Many employers should be concerned about the prospect of facing compensation claims from staff who contract coronavirus at work. Where someone contracts Covid-19 in the course of their employment, they may be able to make a civil claim against their employer.
Covid-19 is currently a notifiable disease. This means that when a medical practitioner identifies a person as having the disease through testing, it must notify the Chief Medical Officer.
An occupational disease is described by the World Health Organisation as “a disease contracted primarily as a result of an exposure to risk factors arising from work activity”. Examples could be acquiring an injury or illness through exposure to a dangerous chemical or damage to your hearing caused by excessive noise in the workplace.
While cases of Covid-19 must be notified to the Chief Medical Officer, it is not classed as an occupational disease. Changes to legislation would be required for Covid-19 to be classed as an occupational illness. The HSA has confirmed that it is currently initiated a legislative review on the matter and will submit any proposals or recommendations it makes to the Minister to consider.
The prescribed occupations, during the course of which people who contract the disease may have the right to compensation, might include health, care and related occupations, or could be widened to encompass any occupation involving exposure to Covid-19.
The broader eligible workforce might include supermarket staff, transport workers and others who regularly come into contact with large numbers of people, or those who come into intimate contact with a smaller number of people, such as garda during an arrest or criminal defence solicitors giving advice in a cell.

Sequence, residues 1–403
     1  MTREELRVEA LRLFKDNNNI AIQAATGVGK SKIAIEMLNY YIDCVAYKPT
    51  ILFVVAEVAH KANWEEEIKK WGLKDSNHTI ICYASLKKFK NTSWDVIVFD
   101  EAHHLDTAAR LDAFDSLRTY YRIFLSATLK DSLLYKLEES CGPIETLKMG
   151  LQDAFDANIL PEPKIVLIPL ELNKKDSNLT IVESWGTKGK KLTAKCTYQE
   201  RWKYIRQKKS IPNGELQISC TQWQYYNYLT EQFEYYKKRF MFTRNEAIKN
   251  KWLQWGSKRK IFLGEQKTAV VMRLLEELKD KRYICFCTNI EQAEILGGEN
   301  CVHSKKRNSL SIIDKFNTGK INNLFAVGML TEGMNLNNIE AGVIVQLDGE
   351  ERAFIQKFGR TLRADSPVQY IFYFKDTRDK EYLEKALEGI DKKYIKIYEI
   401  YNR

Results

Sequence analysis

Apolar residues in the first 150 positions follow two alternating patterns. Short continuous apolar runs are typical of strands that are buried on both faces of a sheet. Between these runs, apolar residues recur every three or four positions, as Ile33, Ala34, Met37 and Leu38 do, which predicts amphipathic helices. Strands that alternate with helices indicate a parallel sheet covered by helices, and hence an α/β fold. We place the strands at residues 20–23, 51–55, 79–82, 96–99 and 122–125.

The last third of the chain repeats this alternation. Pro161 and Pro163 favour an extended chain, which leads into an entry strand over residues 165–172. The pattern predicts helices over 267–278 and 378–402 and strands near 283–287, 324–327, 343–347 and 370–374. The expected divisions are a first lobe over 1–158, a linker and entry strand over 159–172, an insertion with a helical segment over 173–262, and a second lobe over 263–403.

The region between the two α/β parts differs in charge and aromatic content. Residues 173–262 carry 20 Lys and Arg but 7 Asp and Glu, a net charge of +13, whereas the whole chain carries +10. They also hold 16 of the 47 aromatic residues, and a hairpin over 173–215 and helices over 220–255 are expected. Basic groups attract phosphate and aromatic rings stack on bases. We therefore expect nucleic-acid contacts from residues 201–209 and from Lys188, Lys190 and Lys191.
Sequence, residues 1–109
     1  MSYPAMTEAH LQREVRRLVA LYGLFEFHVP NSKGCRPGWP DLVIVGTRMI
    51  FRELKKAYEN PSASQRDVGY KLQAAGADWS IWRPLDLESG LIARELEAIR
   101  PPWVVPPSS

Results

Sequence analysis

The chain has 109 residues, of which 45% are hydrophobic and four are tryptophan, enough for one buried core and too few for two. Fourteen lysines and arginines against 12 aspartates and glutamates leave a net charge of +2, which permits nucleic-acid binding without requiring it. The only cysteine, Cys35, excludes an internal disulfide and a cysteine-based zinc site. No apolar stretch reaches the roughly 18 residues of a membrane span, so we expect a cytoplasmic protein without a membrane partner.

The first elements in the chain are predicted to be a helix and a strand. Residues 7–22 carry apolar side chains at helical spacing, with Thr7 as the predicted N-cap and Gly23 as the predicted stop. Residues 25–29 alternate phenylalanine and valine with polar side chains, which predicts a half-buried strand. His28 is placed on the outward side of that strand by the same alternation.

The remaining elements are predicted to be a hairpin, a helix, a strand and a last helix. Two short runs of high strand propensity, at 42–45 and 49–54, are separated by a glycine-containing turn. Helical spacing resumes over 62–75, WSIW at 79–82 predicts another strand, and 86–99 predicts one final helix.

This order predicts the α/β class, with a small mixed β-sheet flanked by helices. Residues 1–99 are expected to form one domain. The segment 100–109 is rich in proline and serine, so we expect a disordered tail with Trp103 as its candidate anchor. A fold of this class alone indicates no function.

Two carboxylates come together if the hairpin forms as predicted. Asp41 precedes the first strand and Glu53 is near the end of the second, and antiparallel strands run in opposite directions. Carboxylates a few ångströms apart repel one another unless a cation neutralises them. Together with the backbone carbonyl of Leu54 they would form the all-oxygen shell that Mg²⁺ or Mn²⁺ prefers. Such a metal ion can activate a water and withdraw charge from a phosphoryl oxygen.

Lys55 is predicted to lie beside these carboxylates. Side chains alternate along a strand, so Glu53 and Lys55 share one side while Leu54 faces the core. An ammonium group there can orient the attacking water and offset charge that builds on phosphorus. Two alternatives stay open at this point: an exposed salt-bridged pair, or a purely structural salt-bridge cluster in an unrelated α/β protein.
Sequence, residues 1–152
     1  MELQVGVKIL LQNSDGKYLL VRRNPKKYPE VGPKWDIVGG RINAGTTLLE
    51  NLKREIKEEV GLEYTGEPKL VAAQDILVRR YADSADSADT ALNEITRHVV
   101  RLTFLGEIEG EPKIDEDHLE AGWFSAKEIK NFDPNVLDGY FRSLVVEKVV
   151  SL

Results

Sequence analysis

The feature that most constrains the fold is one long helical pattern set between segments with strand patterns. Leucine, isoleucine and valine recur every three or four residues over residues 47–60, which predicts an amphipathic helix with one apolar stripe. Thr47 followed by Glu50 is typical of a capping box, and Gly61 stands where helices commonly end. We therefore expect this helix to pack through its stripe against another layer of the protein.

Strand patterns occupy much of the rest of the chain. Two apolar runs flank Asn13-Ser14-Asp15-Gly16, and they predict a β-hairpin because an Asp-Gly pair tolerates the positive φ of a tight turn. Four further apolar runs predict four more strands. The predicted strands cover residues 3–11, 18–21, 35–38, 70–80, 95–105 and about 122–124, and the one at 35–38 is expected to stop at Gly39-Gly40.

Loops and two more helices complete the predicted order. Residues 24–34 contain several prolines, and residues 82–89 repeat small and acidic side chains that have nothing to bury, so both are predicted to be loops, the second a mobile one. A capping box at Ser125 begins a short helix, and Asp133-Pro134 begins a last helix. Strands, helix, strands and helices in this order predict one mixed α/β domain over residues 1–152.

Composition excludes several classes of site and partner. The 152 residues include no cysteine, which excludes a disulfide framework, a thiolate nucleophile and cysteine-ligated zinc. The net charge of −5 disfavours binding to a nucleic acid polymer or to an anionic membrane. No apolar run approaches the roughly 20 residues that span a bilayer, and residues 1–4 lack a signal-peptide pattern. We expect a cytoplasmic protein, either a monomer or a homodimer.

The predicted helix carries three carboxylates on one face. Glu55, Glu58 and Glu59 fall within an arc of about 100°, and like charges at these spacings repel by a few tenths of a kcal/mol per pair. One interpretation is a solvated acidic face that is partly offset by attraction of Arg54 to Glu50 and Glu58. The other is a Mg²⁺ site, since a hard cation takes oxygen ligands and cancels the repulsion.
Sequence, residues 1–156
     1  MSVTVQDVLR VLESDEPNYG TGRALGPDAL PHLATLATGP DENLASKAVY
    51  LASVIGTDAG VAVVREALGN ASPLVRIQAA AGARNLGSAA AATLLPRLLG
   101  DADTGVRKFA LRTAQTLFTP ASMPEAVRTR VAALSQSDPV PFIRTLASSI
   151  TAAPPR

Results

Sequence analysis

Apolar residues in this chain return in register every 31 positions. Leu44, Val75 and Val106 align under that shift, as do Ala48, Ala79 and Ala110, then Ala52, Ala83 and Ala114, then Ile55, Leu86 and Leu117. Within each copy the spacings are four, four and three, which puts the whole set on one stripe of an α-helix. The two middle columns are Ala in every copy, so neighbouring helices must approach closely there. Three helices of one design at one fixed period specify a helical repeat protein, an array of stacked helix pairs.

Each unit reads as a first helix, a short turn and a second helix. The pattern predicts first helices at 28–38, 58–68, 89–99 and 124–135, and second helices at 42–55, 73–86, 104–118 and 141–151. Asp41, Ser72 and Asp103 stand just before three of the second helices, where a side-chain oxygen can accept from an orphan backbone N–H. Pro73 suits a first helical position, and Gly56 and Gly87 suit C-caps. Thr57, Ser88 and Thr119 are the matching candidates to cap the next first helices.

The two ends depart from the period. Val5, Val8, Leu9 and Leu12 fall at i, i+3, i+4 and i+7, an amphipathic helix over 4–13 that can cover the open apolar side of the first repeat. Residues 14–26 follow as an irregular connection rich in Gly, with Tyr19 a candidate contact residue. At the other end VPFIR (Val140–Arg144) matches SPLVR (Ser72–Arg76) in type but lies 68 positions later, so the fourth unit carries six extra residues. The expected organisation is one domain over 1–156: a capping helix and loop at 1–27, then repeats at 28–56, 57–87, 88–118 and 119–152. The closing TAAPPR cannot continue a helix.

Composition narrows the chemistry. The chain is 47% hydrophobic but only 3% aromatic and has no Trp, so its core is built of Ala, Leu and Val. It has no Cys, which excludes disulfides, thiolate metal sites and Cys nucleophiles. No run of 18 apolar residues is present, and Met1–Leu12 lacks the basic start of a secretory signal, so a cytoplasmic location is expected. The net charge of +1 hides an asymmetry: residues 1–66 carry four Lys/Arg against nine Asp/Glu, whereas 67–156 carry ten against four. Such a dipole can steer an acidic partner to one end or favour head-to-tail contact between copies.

Employers’ duties to protect their workers
Employers owe their employees duties of care in the tort of negligence. A breach of duty which causes injury and/or financial loss can lead to an award of compensation.
If the claim is successful, the court will also order the defendant employer pays the claimant’s legal costs. An employer would expect their Employer’s Liability insurer to conduct the defence and pay any damages and costs awarded by the court or negotiated by the insurer on its behalf.
In addition to their common law duties to provide a safe place and system of work, employers owe employee statutory duties under the Safety, Health and Welfare at Work Act 2005 to take reasonably practicable steps to safeguard safety, health and welfare. Failure to do so is an offence.
An employer will owe a duty in respect of a specific risk, if that risk is reasonably foreseeable to an employer in that situation. Some employers will (or ought to) foresee risks that other employers might reasonably not.
“Knowledge” of the specific risks of Covid-19 arose from the experience of the Chinese city of Wuhan, which was widely reported in the international press from the end of 2019. It may be argued that every employer should have been thinking about the risks posed by Covid-19 from that point, and should have been preparing and revising risk assessments as the virus spread internationally.
What is considered a “reasonable” risk assessment will vary according to the facts. A large supermarket, for example, will have very different obligation to its employees than the proprietor of a corner shop.
Breach of duty